Chess in Godot

With Chess games there are 2 aspects: the Chess Engine and the Chess Board implementation.

It’s a tough undertaking to code a Chess algorithm, basically AI. These need to examine many move scenarios quickly which normally means that the code should be compiled and not developed in a relatively slow scripting language such as GDScript. In fact, there are examples of Super Computers such as Deep Blue being used for this purpose to challenge Chess grand masters.

Luckily for us, we can leverage open source Chess Engines that we can connect to from a Godot Chess Board program. This is my approach here.

These engines are run as CLI (Command Line Interface) programs that we may communicate with by piping instructions to them and receiving responses back, using for example UCI (Universal Chess Interface) protocol.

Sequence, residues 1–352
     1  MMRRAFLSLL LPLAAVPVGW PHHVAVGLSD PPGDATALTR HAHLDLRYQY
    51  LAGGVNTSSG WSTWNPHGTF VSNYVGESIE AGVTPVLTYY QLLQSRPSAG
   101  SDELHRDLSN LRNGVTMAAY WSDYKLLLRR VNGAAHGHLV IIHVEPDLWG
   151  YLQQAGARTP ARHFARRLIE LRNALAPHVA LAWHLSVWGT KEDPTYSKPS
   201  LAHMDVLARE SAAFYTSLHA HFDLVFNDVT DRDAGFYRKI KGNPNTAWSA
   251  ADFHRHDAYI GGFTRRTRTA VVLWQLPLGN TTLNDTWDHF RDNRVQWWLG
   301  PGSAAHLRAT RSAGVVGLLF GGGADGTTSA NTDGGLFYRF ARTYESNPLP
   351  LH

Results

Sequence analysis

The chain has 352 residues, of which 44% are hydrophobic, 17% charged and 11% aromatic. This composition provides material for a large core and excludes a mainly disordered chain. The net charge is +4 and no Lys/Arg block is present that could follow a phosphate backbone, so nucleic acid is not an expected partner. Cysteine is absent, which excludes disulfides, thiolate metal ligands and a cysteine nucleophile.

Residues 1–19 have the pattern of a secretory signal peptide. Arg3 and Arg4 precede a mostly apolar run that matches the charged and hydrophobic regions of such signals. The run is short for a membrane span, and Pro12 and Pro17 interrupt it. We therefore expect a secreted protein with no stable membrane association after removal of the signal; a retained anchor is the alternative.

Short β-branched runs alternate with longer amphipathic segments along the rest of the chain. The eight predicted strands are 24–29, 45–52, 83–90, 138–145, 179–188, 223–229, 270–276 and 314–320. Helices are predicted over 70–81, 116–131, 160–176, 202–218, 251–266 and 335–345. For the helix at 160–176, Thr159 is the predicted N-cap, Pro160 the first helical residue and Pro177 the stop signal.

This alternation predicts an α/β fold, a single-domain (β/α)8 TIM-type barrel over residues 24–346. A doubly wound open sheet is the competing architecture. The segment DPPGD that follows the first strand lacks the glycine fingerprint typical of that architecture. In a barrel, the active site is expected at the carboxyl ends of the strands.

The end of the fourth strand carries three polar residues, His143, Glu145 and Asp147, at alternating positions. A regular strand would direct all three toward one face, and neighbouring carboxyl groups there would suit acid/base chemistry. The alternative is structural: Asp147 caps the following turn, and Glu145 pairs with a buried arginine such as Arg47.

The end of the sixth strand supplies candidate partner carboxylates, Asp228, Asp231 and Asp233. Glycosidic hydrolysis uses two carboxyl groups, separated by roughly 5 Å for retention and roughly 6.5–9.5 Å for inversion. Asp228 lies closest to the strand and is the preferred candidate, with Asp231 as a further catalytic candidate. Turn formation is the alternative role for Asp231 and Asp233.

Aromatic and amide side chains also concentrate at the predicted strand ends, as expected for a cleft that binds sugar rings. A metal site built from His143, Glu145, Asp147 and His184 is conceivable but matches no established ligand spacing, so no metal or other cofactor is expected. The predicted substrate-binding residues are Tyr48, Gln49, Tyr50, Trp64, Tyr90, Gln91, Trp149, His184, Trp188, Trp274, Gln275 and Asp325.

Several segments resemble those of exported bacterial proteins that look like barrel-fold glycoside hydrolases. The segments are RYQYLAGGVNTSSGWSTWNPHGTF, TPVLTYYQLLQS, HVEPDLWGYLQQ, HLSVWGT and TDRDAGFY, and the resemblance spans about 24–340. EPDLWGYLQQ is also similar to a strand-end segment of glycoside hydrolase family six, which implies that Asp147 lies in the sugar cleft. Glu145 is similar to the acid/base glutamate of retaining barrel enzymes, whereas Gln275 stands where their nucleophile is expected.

So our first task is to start up the Chess Engine and to establish communications with it.

Download a Chess Engine

One of the best seems to be Stock Fish, so let’s download that in the assumption that it will out-perform any attempts that we make at coding our own.

Chess Engine Interface

Stock Fish uses the UCI (Universal Chess Interface) to handle commands issued from the command line, and its responses are sent to the standard output. But the Chess Engine process continues to run awaiting further commands and printing responses.

Godot has the OS.execute method that may run a program and get the response after the program terminates, but that is not what we want here.

What we need is an API to connect to. This could entail writing a plugin that includes the code for the Chess Engine.